...The Science Behind Lightning...

 
When Thunder Roars…Go Indoors!!!
 
June 20th to June 26th is Lightning Safety Awareness Week.
Today’s topic:
 

The Science Behind Lightning

Lightning

 
Each spark of lightning can reach over five miles in length, soar to temperatures of 50,000 degrees Fahrenheit, and contain 100 million electrical volts.   At any given moment, there are 1,800 thunderstorms in progress, somewhere on earth.
 
Ice in a cloud seems to be the key element in the development of lightning. The ice, which is often hail stones rising and sinking in the storm, helps separate the electrical charges like a big battery. Enormous charge differences develop between the base and top of a thunderstorm cloud.
 
Once a significant charge difference builds up, opposite charges start to collect between the base of the cloud and objects on the earth, like trees, houses, or towers. Charges from the cloud start to work toward objects on the ground in the form of invisible step leaders, or channels through the air. At the same time, leaders move upward from objects on the ground. If and when these meet, an electrical transfer takes place in the created channel. This is the process of a lightning strike.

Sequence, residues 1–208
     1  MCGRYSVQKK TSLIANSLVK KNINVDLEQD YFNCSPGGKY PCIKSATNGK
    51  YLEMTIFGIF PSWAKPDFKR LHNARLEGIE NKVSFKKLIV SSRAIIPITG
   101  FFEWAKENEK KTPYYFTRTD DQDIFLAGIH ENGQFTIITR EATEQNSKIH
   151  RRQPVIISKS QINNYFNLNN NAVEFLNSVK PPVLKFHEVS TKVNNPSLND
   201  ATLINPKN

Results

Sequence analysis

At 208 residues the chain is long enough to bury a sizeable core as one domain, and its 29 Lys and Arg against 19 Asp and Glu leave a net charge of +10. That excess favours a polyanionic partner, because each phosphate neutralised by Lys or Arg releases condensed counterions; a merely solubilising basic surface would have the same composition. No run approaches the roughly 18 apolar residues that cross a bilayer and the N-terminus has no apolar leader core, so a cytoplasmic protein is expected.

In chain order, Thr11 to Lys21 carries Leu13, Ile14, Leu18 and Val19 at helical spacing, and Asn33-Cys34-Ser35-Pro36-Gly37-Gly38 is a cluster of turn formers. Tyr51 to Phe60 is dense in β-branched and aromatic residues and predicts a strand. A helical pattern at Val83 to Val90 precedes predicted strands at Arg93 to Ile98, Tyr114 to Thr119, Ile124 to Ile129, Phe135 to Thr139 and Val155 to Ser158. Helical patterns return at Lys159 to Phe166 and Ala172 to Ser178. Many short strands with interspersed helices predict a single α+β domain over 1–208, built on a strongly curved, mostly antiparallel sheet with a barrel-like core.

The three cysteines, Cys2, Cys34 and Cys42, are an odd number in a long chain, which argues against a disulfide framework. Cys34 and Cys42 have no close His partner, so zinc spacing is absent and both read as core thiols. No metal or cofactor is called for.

Sometimes, several discharges pass through that same channel so quickly that all you see is flickering.
 
Thunder is the sound created from the rapid expansion of heated air that occurs when lightning passes through the channel. Because the speed of sound is slower than the speed of light, you can determine how far away a strike is by counting the seconds between the visible strike and the thunder you hear. Every five seconds between the two relates to a mile away. Hence, a delay of 10 seconds means the lightning is 2 miles away.
 
For additional information, please check out the NOAA webpage dedicated to lightning information and safety at: www.lightningsafety.noaa.gov
 


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